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The Skyline Post

BUH! What does the Skyline Boys’ Tennis Team Think About Grunting?

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Justin Woo (’27) hits a backhand. Credit: N. Woo.

Enter the ground of any tennis match and you will hear the satisfying sound of balls being struck, new shoes squeaking, impassioned let’s gos and c’mons, and perhaps, a loud AH accompanying each swing. 

Grunts in tennis come in many forms from the more garden variety ahh, a high-pitched ey, or the more rare two-syllable ey-yah. Opponents or even spectators sometimes begin to complain, annoyed, about the sheer volume of the grunt. 

But grunting seems to be an accepted part of the game. “Some players just breathe out a little bit louder, I guess,” says Justin Woo (‘27), the number three singles on the Skyline Boys’ Varsity Tennis Team. “I don’t really do it on purpose.” Woo has the loudest, most recognizable grunt of the entire team, a signature BAH. For Woo, grunting is as routine as a forehand or a backhand.

Members of the tennis team grunt for various reasons, whether it be to release anger or feel more natural and free. “I’d say [when on] neutral to offense, typically I grunt,” said Connor Wilcox (‘26), the number one singles player on the Skyline Boys’ Varsity Tennis Team. Because grunting has been shown to increase ball velocity while not expending excess energy (Callison et al., 2014), Wilcox’s grunt allows him to hit the ball harder through the court and get his opponent on defense more. 

Excessive grunting has also been shown to negatively impact an opponent’s focus on the ball and their reaction time (Sinnett et al., 2010).  Most of Skyline’s tennis team doesn’t mind it as long as it isn’t too extravagant, and agreed that the best way to deal with grunting is to ignore it. “If you’re yelling, like, five seconds after you’re hitting the ball, you gotta stop that,” said Wilcox. “Other than that, I think [grunting] is fine.”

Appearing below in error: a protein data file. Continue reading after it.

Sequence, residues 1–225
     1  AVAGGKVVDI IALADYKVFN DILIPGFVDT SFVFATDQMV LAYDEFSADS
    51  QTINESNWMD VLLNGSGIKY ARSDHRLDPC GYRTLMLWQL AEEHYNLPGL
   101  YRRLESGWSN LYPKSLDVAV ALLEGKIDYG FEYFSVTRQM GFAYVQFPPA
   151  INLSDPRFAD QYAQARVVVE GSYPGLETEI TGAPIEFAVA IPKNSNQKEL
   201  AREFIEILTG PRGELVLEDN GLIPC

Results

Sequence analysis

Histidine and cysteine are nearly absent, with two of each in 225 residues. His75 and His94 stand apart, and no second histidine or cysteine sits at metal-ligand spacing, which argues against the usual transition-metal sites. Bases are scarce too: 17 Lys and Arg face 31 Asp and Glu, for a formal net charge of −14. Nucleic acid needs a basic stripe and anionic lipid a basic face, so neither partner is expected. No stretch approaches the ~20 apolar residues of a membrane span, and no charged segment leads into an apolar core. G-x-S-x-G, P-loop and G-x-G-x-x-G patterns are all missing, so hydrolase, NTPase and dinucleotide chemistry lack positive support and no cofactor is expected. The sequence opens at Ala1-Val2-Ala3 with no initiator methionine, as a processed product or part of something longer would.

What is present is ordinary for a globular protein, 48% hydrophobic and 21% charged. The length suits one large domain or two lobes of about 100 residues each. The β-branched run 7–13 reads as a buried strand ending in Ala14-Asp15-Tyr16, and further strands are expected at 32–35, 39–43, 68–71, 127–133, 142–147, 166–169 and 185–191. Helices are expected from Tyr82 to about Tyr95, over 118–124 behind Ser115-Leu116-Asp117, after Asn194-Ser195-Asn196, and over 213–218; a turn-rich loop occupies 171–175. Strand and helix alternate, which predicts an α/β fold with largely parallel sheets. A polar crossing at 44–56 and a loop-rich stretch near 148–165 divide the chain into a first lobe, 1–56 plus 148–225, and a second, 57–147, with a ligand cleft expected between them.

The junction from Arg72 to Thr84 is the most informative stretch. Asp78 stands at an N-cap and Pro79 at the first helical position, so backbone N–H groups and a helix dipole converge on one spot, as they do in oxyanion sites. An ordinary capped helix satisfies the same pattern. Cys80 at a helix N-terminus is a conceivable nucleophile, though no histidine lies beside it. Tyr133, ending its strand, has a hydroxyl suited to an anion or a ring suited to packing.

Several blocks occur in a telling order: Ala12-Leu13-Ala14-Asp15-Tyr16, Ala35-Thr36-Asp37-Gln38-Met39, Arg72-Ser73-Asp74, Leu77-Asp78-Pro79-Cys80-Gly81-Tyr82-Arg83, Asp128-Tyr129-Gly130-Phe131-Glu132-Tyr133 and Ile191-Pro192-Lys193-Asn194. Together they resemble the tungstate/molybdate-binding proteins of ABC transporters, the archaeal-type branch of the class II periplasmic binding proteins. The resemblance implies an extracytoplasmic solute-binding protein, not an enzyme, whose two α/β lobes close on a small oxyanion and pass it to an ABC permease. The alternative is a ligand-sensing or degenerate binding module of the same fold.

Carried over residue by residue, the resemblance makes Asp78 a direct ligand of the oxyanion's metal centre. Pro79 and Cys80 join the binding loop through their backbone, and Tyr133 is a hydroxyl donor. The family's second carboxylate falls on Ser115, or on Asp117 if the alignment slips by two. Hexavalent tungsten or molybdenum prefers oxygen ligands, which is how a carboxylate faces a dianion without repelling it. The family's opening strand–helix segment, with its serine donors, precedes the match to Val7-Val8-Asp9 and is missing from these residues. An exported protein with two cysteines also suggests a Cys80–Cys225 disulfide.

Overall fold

What if this “little bit louder” becomes a lot louder? Recently, professional tennis players such as Victoria Azarenka and Maria Sharapova have become notorious for their shrieking grunts: Azarenka’s has been measured to be at 105 decibels, according to the Telegraph, the same intensity as an ambulance siren. “I feel like [grunting] is a trend– it’s picked up a lot over the last few years,” says Skyline Boys’ Varsity Tennis Team Coach Zosia Casterline. 

Some wonder if grunting should even be regulated at the professional level: for example, a tennis referee told professional tennis player Monica Seles to strike the ball in silence, resulting in a devastating loss in the finals at Wimbledon in 1992. Both the Women’s Tennis Association (WTA) and Association of Tennis Professionals (ATP) have rules punishing distractions, including grunting: the WTA determines it an “involuntary hindrance.” 

Connor Wilcox (’26) hits a backhand volley. Credit: S. Woo

“It’s more pleasing to watch a match without grunting,” says Skyline parent Ranjit Aiyagari, who watches a lot of professional tennis. “Sometimes I’ll turn the volume down or turn it off if the players are grunting a lot…. It’s also not pleasing as a fan.” 

Spectators bring more negative attention to grunting in women’s professional tennis than men’s tennis.  “Women’s grunts are higher-pitched,” said Woo. This higher pitch may make them more annoying: studies have shown that high-pitched sounds in general evoke responses in the brain that make them sound more unpleasant to listeners. 

Even if grunting can be a bit annoying, Aiyagari does not believe grunting should be banned. “I think at the end of the day, as a spectator, you want to see the competitors perform at their best,” says Aiyagari, “and if [grunting] is what it takes them to perform at their best and to play their best, that’s what you paid the money for… to see them play the best tennis they can possibly play.”

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About the Contributor
Sari Woo, Editor
Sari Woo ('24) is a News section editor and writer for the Skyline Post. In her free time, she likes to play tennis, make origami, and crochet.
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